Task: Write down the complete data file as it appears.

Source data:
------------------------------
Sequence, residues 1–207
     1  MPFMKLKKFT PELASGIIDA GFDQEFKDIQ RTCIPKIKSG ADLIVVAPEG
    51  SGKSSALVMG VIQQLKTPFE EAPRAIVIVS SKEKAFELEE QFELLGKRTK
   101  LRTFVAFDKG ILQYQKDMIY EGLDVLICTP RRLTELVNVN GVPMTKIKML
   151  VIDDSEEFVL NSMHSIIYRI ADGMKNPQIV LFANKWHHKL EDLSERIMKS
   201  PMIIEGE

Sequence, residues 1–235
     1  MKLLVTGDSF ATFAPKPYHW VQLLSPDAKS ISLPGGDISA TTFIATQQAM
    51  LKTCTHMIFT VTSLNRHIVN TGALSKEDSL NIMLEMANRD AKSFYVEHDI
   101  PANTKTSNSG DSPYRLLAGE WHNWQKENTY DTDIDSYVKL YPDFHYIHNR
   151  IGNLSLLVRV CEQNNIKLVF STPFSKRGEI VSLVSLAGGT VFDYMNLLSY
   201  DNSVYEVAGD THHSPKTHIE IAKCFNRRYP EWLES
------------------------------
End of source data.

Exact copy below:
Sequence, residues 1–207
     1  MPFMKLKKFT PELASGIIDA GFDQEFKDIQ RTCIPKIKSG ADLIVVAPEG
    51  SGKSSALVMG VIQQLKTPFE EAPRAIVIVS SKEKAFELEE QFELLGKRTK
   101  LRTFVAFDKG ILQYQKDMIY EGLDVLICTP RRLTELVNVN GVPMTKIKML
   151  VIDDSEEFVL NSMHSIIYRI ADGMKNPQIV LFANKWHHKL EDLSERIMKS
   201  PMIIEGE

Sequence, residues 1–235
     1  MKLLVTGDSF ATFAPKPYHW VQLLSPDAKS ISLPGGDISA TTFIATQQAM
    51  LKTCTHMIFT VTSLNRHIVN TGALSKEDSL NIMLEMANRD AKSFYVEHDI
   101  PANTKTSNSG DSPYRLLAGE WHNWQKENTY DTDIDSYVKL YPDFHYIHNR
   151  IGNLSLLVRV CEQNNIKLVF STPFSKRGEI VSLVSLAGGT VFDYMNLLSY
   201  DNSVYEVAGD THHSPKTHIE IAKCFNRRYP EWLES